With Motorola‘s announcement that it will buy Terayon for approx $140mln in cash, Moto hopes to bolster its end-to-end strategy and keep competitors at bay. Terayon’s tech, including its well-regarded "CherryPicker" line of digital video processing wares, gives Motorola a much-needed foothold, as Terayon has already deployed some 7800 CherryPickers and related equipment. Motorola’s move on Terayon may be not a moment too soon. Earlier this year, Ericsson won a heated bidding war against Arris to buy Tandberg TV (Cfax, 2/27) as the Swedish firm moves to put itself on more even footing with Motorola and Cisco in the cable space (Ericsson just got regulatory approval Mon). Cisco has been on a cable-vendor buying binge of its own over the last 2 years, most notably with its acquisition of Scientific-Atlanta. Cable operators are actually driving much of the vendor consolidation. "The ability to personalize content delivery is becoming increasingly important to service providers, and this acquisition may give Motorola capabilities that heretofore were not in their product portfolio," said BusinessEdge Solutions’ Bruno Codispoti. Many MSOs see dynamic ad insertion as vital to the success of VOD, and "the ability to brand this content and target ads for this content in a better way has been a challenge for cable operators," says Barbara Bickham, pres of L.A.-based TechGenii, which advises on new media and interactive strategies. "With the acquisition of Terayon, [Motorola’s] set-top box now also becomes an advertising engine." And by filling that gap in its portfolio, Motorola also "builds upon its competitive offering against Cisco," said Jefferies & Co. in a client note. Terayon’s overall expertise in digital ad insertion, regional/local channel branding and video processing at the network’s "edge" are among assets Motorola could exploit, Jefferies said. Dan Moloney, pres, Motorola Connected Home Solutions, said the deal should help Motorola serve operators "looking for a digital video core that will maximize bandwidth and enable the delivery of revenue-generating services." Terayon’s assets would become part of Moloney’s division if the deal goes through as expected in the 2nd or 3rd quarter of 2007.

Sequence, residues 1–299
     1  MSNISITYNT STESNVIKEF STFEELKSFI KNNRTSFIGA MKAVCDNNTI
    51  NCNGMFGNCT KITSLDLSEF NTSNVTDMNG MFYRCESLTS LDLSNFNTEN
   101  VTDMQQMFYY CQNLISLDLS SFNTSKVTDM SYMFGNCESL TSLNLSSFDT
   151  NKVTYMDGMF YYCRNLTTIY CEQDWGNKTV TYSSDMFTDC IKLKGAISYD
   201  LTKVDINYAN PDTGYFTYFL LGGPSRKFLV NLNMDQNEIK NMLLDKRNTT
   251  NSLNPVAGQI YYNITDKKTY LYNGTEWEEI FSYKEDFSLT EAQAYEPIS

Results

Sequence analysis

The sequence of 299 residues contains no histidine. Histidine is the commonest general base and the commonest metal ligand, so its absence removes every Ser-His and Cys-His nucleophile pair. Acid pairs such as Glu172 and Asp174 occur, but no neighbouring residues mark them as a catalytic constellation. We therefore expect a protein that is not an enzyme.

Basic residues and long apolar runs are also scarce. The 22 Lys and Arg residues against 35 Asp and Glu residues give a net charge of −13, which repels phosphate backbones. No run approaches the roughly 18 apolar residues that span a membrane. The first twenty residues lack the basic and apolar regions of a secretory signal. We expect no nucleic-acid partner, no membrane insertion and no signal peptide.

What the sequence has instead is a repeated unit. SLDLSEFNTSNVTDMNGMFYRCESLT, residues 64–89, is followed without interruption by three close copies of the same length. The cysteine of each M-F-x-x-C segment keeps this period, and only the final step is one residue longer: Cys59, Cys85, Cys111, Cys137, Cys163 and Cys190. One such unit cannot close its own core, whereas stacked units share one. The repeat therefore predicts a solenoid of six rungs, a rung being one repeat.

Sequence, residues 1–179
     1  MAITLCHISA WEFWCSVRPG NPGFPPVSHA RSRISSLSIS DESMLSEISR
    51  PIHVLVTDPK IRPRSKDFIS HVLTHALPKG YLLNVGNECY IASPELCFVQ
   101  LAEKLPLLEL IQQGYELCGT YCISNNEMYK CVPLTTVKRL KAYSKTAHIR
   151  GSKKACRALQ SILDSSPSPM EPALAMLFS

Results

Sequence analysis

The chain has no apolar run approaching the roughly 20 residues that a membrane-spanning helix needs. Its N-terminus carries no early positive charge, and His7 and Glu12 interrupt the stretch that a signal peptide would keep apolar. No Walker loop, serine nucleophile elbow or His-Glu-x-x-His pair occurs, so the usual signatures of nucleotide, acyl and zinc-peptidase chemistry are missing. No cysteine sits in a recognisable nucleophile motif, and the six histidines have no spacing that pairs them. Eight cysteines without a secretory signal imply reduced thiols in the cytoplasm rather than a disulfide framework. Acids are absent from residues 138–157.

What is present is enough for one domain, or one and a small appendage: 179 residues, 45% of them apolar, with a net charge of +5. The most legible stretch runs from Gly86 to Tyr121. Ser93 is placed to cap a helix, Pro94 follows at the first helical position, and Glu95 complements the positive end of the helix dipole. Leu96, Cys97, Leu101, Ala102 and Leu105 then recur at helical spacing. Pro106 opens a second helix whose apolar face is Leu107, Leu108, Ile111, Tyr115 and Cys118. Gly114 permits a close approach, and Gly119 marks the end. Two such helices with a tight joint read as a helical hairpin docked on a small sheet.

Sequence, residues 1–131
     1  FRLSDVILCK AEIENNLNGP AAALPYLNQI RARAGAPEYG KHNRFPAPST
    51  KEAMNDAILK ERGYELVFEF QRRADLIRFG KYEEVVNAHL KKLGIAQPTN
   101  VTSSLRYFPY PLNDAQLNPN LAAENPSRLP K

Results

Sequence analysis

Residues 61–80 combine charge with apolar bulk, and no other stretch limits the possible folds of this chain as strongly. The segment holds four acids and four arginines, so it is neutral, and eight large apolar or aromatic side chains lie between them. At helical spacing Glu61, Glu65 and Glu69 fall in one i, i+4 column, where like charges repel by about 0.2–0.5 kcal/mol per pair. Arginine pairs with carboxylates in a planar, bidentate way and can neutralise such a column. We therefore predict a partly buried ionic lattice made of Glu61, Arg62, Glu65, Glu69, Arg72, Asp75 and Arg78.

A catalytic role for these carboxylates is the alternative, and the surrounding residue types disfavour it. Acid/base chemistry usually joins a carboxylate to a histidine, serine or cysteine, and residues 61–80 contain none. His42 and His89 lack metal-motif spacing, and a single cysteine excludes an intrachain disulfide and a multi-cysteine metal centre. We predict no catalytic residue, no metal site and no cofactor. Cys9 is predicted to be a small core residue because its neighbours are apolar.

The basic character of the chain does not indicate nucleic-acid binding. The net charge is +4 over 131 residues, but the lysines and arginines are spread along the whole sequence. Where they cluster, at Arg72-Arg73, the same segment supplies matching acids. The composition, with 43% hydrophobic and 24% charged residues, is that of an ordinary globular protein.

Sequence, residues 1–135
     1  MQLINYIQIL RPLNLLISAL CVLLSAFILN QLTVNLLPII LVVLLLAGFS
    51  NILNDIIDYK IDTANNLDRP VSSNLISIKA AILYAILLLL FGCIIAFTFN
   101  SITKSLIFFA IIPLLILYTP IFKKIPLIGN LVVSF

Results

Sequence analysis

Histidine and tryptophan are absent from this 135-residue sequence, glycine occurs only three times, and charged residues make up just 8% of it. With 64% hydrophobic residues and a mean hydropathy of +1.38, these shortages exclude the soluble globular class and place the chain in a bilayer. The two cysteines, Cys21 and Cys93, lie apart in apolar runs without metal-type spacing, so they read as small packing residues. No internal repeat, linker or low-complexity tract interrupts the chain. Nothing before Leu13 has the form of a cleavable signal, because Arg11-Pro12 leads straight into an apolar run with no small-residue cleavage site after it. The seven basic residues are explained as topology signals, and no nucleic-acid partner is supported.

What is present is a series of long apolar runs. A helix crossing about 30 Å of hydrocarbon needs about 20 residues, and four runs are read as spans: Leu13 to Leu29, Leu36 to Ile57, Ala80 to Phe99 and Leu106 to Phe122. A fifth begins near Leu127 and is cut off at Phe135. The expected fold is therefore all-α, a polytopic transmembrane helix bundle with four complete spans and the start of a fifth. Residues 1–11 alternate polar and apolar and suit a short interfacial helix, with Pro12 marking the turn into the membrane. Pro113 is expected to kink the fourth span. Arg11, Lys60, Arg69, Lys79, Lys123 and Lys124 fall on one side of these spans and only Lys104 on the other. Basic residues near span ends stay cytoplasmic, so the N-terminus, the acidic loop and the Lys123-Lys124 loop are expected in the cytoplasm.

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A lot has changed since Robert Johnson launched BET in 1980, but the barriers that existed then for Black-owned networks remain much the same.

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